- 18 Jan 21
In the midst of confusion, fear and isolation this year, people across Ireland tuned into local radio more than ever before. Recognising the power of local radio, and the important work that radio stations have been carrying out over the past year, we spoke to a selection of presenters from across the country – who told us how they rose to the multiple challenges of Covid-19.
Reaching 120,000 listeners every week, Midlands 103 has served as an important outlet for the people of Laois, Offaly and Westmeath over the course of the Covid-19 pandemic. Will Faulkner, the presenter of the award-winning Midlands Today morning talk show, has found that, in many ways, it was an “invigorating” time to be on air.
“There was real importance to what we were talking about,” he says matter-of-factly. “Initially, everybody was just scared, and there was a lack of information. It highlighted the importance of radio – radio listening overall was up. People turned to trusted sources to try and get their information.”
Through his show, Faulkner also witnessed the tragic reality of the impact of the virus in the local area.
“As the weeks went by, the first local confirmed cases came in,” he says. “I can recall the very first death in our area – it was a gentleman in Tullamore Hospital, and his son ended up calling the programme. He described how he hadn’t been able to be in with his dad for two weeks, because of all the restrictions that were in place at the time. Then they had a very lonely funeral, because at that stage, people really were staying at home, keeping to themselves. These days people can queue along the road, socially-distanced, but those early funerals really were isolated.”
For Will, one of his main challenges was trying “to balance the light and the shade” on Midlands Today.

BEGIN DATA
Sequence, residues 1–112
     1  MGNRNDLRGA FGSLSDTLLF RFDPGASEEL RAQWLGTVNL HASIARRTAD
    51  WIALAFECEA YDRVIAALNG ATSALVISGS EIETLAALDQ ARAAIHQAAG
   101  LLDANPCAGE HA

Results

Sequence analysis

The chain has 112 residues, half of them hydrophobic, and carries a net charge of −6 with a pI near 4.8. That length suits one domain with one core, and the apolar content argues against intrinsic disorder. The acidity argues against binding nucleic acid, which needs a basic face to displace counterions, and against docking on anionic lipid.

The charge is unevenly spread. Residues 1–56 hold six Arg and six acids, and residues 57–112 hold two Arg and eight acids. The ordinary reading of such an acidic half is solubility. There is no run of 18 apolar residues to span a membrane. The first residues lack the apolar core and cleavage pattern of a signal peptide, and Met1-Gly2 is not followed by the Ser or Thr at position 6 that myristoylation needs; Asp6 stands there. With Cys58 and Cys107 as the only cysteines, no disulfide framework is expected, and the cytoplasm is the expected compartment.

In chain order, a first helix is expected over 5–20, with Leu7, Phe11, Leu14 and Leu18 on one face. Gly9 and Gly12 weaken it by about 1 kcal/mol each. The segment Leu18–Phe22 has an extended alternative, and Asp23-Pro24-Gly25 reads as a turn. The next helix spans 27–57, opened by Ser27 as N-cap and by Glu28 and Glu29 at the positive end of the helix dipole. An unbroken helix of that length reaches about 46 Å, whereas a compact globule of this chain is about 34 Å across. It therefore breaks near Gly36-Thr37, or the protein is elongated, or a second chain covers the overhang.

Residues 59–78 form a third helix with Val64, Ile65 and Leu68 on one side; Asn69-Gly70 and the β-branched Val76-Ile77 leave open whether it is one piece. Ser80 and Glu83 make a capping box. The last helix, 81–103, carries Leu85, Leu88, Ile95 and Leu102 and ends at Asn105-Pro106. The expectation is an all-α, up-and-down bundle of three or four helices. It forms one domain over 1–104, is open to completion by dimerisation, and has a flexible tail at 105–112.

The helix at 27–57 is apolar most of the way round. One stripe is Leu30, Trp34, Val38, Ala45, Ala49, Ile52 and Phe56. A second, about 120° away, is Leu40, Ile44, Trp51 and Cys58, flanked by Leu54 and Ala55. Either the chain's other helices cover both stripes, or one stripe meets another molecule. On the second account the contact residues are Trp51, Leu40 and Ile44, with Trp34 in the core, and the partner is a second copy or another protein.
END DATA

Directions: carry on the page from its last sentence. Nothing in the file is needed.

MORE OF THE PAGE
“You had all of these scary stories coming in, of people on ventilators for days or weeks,” he recalls. “But in the first lockdown we also had some lovely community spirit. There was the ‘Do It For Dan’ campaign, for instance, for Dan Donoher, a child in Co. Laois. That gave people a lift. It was important to try and find those uplifting stories, as well as the stories about tragedy and grief.”
It was also inspiring to cover the stories of people who had recovered from the virus.
“There were some very powerful images,” he reflects. “There was a lady who lives in Stradbally, who had been in hospital for 49 days,” he recalls. “And people lined the streets to welcome her back. There was something similar in Mullingar – again, everybody was out, at a respectful distance. There was a real sense of solidarity.”
Christmas is a hugely important time for Midlands 103. Despite restrictions, they made an especially big effort to bring some much-needed joy to the season.
“You couldn't really bring your kids to see Santa’s Grotto in shopping centres this year,” Will explains, “So we brought Santa to the station. Children could phone in and talk to him, and that helped to replace a little bit of the magic that had been lost.”
• Listen to Midlands Today with Will Faulkner, weekdays from 9am on Midlands 103.
Read our full feature on the power of local radio during the Covid-19 pandemic in the Hot Press Annual, out now: